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EBioMedicine. 2018 Apr;30:86-93. doi: 10.1016/j.ebiom.2018.02.010. Epub 2018 Feb 24.

MT-ND5 Mutation Exhibits Highly Variable Neurological Manifestations at Low Mutant Load.

Author information

1
Wellcome Centre for Mitochondrial Research, Institute of Neuroscience, Newcastle University, Newcastle upon Tyne, UK.
2
Department of Neurology, Queen's Medical Centre, Nottingham, UK.
3
Paediatric Neurology Department, Red Cross War Memorial Children's Hospital, Cape Town, South Africa.
4
Division of Chemical Pathology, Faculty of Health Sciences, University of Cape Town, South Africa; National Health Laboratory Service, Cape Town, South Africa.
5
Wellcome Centre for Mitochondrial Research, Institute of Neuroscience, Newcastle University, Newcastle upon Tyne, UK; Medical Research Council Mitochondrial Biology Unit, Cambridge Biomedical Campus, Cambridge, UK.
6
Department of Inherited Metabolic Disease, Division of Women's and Children's Services, University Hospitals Bristol NHS Foundation Trust, Bristol, UK.
7
Tongren Hospital, Shanghai Jiaotong University School of Medicine, Shanghai, China.
8
Royal Manchester Children's Hospital, Central Manchester University Hospitals NHS Foundation Trust, UK.
9
Institute of Human Development, University of Manchester, Manchester M13 9WL, UK; Central Manchester University Hospitals NHS Foundation Trust, Manchester Academic Health Science Centre, Manchester M13 9WL, UK.
10
Ophthalmic Genetics Unit, OMMA, Institute of Ophthalmology, Athens, Greece.
11
Pediatric Ophthalmology Department, MITERA Children's Hospital, Athens, Greece.
12
Radboud Center for Mitochondrial Medicine, Department of Pediatrics, Radboud University Medical Center, Nijmegen, The Netherlands.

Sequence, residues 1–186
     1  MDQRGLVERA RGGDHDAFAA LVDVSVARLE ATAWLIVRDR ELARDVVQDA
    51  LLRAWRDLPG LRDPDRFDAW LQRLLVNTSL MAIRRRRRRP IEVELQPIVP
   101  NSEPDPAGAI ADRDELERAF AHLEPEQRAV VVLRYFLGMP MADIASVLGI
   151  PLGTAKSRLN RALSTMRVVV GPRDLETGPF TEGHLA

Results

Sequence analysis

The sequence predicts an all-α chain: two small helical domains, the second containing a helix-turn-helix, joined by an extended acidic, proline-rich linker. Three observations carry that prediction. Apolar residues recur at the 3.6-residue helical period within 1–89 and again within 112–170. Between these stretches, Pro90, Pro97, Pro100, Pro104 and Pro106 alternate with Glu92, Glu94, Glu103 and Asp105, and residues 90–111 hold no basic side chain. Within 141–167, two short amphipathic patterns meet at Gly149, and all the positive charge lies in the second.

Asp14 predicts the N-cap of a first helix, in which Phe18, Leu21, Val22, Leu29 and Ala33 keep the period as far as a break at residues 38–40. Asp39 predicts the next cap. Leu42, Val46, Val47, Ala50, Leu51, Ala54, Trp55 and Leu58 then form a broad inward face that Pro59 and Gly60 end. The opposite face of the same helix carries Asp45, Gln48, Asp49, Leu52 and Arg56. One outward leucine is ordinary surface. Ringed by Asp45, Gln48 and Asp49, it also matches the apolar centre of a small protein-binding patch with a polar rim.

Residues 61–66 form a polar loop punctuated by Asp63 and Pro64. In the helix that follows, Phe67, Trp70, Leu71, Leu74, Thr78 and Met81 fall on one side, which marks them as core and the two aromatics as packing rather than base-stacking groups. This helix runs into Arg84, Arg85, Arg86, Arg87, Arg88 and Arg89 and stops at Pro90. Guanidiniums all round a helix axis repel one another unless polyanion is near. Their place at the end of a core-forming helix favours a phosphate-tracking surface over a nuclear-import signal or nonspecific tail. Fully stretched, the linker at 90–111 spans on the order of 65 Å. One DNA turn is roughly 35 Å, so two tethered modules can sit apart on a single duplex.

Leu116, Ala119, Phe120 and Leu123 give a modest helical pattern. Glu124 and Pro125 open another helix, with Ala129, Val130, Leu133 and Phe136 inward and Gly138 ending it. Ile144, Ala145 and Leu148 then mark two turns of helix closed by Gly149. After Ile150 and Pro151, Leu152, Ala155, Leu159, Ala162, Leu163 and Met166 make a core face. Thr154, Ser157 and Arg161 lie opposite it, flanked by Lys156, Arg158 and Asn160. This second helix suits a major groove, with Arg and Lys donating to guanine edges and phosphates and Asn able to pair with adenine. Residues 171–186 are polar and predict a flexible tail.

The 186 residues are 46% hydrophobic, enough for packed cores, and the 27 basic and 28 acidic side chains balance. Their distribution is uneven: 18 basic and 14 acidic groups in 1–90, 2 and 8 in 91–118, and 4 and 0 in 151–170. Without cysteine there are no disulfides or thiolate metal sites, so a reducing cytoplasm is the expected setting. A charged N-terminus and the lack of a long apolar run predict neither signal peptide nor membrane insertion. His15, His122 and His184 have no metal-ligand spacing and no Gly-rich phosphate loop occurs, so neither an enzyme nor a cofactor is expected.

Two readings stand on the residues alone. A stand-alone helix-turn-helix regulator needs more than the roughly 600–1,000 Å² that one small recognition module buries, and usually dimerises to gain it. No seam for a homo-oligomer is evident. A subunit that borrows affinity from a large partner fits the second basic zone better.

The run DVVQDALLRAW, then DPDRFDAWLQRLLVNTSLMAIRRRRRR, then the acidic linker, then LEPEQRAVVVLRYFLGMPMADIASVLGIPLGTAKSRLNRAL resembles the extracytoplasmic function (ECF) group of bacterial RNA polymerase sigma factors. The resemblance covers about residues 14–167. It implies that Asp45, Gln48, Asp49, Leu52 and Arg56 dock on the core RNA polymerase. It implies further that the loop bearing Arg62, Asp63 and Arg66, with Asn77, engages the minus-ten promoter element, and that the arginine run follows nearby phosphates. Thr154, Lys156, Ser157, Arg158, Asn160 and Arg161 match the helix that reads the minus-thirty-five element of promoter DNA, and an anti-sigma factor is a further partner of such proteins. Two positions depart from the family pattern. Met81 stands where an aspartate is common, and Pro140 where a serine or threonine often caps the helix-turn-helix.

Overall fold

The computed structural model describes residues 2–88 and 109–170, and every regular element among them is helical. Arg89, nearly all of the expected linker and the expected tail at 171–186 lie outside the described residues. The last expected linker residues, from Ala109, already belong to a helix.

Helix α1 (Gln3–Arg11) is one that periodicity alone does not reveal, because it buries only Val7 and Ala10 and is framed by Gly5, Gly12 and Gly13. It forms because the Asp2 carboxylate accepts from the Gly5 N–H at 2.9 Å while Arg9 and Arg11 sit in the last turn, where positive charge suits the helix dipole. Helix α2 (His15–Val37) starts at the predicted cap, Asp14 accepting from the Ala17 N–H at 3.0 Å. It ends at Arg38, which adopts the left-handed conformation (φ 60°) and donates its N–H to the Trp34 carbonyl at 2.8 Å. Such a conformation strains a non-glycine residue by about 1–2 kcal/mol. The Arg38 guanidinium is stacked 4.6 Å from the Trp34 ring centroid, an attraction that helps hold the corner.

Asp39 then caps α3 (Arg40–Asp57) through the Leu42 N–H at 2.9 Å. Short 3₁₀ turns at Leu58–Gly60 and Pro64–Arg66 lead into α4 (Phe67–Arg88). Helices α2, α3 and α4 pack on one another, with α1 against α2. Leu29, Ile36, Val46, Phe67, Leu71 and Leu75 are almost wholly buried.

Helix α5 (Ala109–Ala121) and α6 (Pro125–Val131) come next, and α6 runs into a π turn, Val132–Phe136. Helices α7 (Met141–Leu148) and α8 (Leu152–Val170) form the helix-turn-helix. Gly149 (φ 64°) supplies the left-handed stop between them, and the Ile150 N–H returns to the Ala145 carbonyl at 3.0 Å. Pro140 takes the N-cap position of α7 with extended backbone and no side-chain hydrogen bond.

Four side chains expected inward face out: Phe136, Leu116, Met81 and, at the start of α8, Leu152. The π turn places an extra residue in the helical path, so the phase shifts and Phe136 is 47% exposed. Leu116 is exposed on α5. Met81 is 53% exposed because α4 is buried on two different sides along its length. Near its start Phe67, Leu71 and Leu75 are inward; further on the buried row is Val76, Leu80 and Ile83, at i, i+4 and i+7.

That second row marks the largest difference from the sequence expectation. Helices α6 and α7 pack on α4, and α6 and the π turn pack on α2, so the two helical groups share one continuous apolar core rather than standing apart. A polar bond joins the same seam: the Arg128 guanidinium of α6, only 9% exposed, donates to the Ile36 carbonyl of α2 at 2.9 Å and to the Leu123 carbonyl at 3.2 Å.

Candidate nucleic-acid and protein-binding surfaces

13
Department of Neurology, Radboud University Medical Center, Nijmegen, The Netherlands.
14
Department of Pediatrics, Nara Medical University Hospital, Nara 634-8522, Japan.
15
Department of Pediatrics, Sapporo City General Hospital, Sapporo 060-8604, Japan.
16
Diagnostics and Therapeutics of Intractable Diseases, Intractable Disease Research Center, Graduate School of Medicine, Juntendo University, Tokyo 113-8421, Japan.
17
Department of Metabolism, Chiba Children's Hospital, Chiba 266-0007, Japan.
18
Evelina London Children's Hospital, Guy's & St Thomas' NHS Foundation Trust, London, UK.
19
MRC Centre for Neuromuscular Diseases, UCL Institute of Neurology and National Hospital for Neurology and Neurosurgery, London, UK.
20
Department of Pediatrics, Faculty of Medicine, Saitama Medical University, Saitama 350-0495, Japan.
21
Wellcome Centre for Mitochondrial Research, Institute of Neuroscience, Newcastle University, Newcastle upon Tyne, UK. Electronic address: grainne.gorman@ncl.ac.uk.

Abstract

Mutations in the m.13094T>C MT-ND5 gene have been previously described in three cases of Leigh Syndrome (LS). In this retrospective, international cohort study we identified 20 clinically affected individuals (13 families) and four asymptomatic carriers. Ten patients were deceased at the time of analysis (median age of death was 10years (range: 5·4months-37years, IQR=17·9years). Nine patients manifested with LS, one with mitochondrial encephalomyopathy, lactic acidosis and stroke-like episodes (MELAS), and one with Leber hereditary optic neuropathy. The remaining nine patients presented with either overlapping syndromes or isolated neurological symptoms. Mitochondrial respiratory chain activity analysis was normal in five out of ten muscle biopsies. We confirmed maternal inheritance in six families, and demonstrated marked variability in tissue segregation, and phenotypic expression at relatively low blood mutant loads. Neuropathological studies of two patients manifesting with LS/MELAS showed prominent capillary proliferation, microvacuolation and severe neuronal cell loss in the brainstem and cerebellum, with conspicuous absence of basal ganglia involvement. These findings suggest that whole mtDNA genome sequencing should be considered in patients with suspected mitochondrial disease presenting with complex neurological manifestations, which would identify over 300 known pathogenic variants including the m.13094T>C.

KEYWORDS:

Heteroplasmy; Lactic acidosis and stroke-like episodes (MELAS); Leigh syndrome (LS); Mitochondrial DNA; Mitochondrial encephalomyopathy; Neuropathology

PMID:
29506874
PMCID:
PMC5952215
DOI:
10.1016/j.ebiom.2018.02.010
[Indexed for MEDLINE]
Free PMC Article

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